Over at The Kenyon Review, I’ll be writing weekly about the world beyond Arab and Arabic literature (if one indeed exists). This week, I write about the present and future of serializing novels. It wasn’t entirely Arab-lit free (although I tried). How could I write about serializing without including the thoughts of Egyptian serializer Ezzedine Choukri Fishere? The longer Q&A:
ArabLit: What initially made you decide to serialize? Have you heard of other contemporary writers doing it?
Ezzedine Choukri Fishere: Madness, simply. I wanted so much to write and publish immediately; it was an irresistible urge, almost physical. I didn’t know others had done it before. I thought the novels that were published in segments, like those of Naguib Mahfouz and Ihsan AbdelQoddos, were ready and complete at the start of the publication date. But when I suggested the idea to the editor-in-chief of Tahrir newspaper he told me that these were actually written while being published. The only difference is, the big difference is, these were weekly segments. Now, with the current pace, there is no room for weekly segments, he said: if you want to, it has to be daily! I took the challenge. And for 75 days I did nothing but write, rewrite, edit, revise, and write again. I was living inside the novel. It was exhilarating. I loved it, every bit of it.
AL: Did it force any particular aesthetic on your writing? With Jurji Zaidan, we could say cliffhanger chapter endings and tidy, self-contained chapters. For you?
ECF: Yes and no. The segments had to be of comparable size: 1200-1600 words. But I didn’t go for either self-contained or cliffhangers. The former wouldn’t make sense in the case of a long letter from father to son. The latter is cheap: you can’t have cliffhangers every day except in cheap soap-operas, and I certainly don’t want that!
AL: Audience feedback apparently shaped Dickens’ work, and the work of some graphic novelists who serialize. Did you find your audience feedback — during the writing process — ultimately helpful or constraining? Or both?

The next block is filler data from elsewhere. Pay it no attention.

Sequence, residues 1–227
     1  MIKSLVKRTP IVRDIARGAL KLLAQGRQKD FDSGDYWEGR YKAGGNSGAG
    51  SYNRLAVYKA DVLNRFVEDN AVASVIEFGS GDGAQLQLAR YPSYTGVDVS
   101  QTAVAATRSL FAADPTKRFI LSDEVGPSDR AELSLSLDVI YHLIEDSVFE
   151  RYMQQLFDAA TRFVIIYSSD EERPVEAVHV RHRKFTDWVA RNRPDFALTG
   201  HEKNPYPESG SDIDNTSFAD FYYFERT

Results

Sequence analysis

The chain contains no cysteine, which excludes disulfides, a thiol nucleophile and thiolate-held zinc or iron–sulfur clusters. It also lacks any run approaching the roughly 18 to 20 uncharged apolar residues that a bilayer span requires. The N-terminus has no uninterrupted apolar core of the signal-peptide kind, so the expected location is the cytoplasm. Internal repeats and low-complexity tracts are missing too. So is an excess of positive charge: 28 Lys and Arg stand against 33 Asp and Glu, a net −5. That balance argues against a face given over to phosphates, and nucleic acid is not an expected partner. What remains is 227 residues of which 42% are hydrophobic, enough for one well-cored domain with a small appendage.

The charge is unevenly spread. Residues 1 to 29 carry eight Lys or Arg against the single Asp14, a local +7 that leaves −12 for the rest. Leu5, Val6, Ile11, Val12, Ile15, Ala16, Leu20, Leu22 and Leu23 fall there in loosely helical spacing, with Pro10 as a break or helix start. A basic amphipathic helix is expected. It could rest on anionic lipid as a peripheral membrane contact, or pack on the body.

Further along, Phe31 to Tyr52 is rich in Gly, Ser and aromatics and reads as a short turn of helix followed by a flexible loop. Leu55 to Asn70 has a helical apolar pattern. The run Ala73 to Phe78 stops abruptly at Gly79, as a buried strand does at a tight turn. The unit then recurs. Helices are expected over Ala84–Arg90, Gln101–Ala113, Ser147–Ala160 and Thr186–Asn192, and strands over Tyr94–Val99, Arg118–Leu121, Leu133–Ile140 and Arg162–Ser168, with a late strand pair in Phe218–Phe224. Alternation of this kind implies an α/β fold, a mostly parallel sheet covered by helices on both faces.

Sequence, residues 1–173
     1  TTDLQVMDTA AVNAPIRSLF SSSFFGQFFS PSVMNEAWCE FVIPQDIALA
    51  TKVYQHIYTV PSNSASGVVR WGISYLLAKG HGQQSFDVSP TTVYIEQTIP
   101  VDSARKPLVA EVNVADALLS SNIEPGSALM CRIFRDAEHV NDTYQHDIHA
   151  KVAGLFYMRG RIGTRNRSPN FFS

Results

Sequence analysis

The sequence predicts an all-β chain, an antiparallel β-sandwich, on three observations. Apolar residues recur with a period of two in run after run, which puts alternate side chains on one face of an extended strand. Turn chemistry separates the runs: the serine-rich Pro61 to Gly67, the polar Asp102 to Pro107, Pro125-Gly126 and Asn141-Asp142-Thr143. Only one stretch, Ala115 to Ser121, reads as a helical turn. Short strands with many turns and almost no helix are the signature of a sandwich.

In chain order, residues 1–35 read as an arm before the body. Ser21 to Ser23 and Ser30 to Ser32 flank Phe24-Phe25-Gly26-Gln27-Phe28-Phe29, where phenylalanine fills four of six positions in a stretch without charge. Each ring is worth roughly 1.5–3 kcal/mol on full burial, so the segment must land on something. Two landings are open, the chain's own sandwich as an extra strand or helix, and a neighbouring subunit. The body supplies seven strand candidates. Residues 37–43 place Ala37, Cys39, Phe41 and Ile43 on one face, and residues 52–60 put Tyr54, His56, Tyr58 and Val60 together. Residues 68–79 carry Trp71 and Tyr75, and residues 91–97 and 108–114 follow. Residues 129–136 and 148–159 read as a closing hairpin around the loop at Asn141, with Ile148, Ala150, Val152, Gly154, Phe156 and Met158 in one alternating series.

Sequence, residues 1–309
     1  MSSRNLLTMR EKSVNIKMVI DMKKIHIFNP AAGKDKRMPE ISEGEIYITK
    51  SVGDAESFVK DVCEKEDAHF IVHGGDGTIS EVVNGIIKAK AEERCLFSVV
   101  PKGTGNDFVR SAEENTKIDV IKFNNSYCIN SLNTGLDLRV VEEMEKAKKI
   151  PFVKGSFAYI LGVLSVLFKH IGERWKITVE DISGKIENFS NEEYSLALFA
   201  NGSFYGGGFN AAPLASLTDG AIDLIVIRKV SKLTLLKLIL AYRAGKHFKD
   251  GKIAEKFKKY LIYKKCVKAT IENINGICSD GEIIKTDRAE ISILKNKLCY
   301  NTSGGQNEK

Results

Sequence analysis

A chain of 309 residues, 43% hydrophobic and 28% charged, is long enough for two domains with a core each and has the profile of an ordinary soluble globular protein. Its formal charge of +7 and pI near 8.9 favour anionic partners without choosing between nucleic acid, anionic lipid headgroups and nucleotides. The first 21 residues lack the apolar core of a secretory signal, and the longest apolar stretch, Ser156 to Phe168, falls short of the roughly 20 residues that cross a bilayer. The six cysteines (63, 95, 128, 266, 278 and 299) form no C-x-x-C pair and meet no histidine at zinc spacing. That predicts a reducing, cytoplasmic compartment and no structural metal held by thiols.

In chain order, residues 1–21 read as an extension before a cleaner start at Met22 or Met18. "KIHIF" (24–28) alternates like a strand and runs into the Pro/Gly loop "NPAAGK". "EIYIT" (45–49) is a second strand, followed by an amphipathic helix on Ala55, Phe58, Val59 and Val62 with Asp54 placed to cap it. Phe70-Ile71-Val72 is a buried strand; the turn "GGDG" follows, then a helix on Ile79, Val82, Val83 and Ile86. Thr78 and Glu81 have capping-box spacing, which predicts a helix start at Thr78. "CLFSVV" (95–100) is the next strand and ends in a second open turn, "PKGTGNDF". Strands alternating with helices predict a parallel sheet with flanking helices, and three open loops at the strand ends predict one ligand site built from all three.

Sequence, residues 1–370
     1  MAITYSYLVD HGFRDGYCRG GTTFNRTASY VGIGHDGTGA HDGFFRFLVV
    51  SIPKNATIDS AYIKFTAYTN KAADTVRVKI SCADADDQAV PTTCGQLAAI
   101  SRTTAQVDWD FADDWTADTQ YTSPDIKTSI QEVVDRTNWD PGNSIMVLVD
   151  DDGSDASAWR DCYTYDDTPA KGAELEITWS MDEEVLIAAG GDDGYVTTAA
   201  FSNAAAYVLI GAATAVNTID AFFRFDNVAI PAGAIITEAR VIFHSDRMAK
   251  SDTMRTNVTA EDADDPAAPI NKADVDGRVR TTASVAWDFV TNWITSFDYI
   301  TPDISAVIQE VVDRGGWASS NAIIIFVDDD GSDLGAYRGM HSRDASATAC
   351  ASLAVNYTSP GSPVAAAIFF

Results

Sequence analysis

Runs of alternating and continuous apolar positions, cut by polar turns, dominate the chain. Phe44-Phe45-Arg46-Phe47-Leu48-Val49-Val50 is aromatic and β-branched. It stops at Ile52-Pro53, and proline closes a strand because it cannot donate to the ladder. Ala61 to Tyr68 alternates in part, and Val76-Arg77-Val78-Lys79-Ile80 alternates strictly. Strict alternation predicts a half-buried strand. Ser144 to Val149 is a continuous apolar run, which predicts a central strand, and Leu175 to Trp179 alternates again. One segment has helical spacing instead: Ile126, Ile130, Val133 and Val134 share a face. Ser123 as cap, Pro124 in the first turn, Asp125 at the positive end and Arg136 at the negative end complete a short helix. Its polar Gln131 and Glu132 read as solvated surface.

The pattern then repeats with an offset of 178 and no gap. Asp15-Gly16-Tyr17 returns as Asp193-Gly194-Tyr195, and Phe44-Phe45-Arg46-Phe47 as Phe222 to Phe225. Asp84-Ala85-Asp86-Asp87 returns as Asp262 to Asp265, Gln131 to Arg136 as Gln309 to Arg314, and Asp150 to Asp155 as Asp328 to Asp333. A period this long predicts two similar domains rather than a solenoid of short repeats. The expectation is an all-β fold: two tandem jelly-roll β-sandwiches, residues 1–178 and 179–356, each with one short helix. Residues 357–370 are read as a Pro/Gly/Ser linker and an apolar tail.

ECF: I like that you mention Dickens and my name in one sentence — I would like to say: yes, Dickens and I benefited from readers’ reactions to ‘our’ work. Yes, I found the comments useful. And unlike Dickens I didn’t have to go sit in cafes and eavesdrop to get the comments. They were right here; every day, every hour. I read them and paid attention. They showed me when the readers were tired or bored, when the despair was getting too strong, when the bloodshed was overflowing, when they needed a break, a breath of hope or kindness. And I talked to them, in the novel: there are parts where the father would ask his son not to lose hope, not to be too hasty in his judgment, not to jump to conclusions, to pardon him, to be patient, etc. These were requests to the reader. I also had to tune down some of the violence, and to skip some of the events that I had initially planned. Because I saw the readers were already tired and needed to move to something else. I loved the comments, most of them, and they were my companion throughout the writing process. And I acknowledged their companionship in the published version.
AL: Do you think it brought in new readers who will now more willingly engage in long-form fiction?
ECF: I would like to think so. Many of the readers who left comments were regular Tahrir newspaper readers, those who look for news not literature. Some of them are readers who followed my daily opinion pieces in Tahrir, published few months earlier, and they came to ‘see’ what was that. Then they got hooked, and am very pleased with that. I don’t know for sure what they will read next, but I suspect they might venture and ‘read around’, see what other novelists are writing. I hope they will.
Reblogged this on emasaablog and commented:
‘really it was an up-to-date style which I liked
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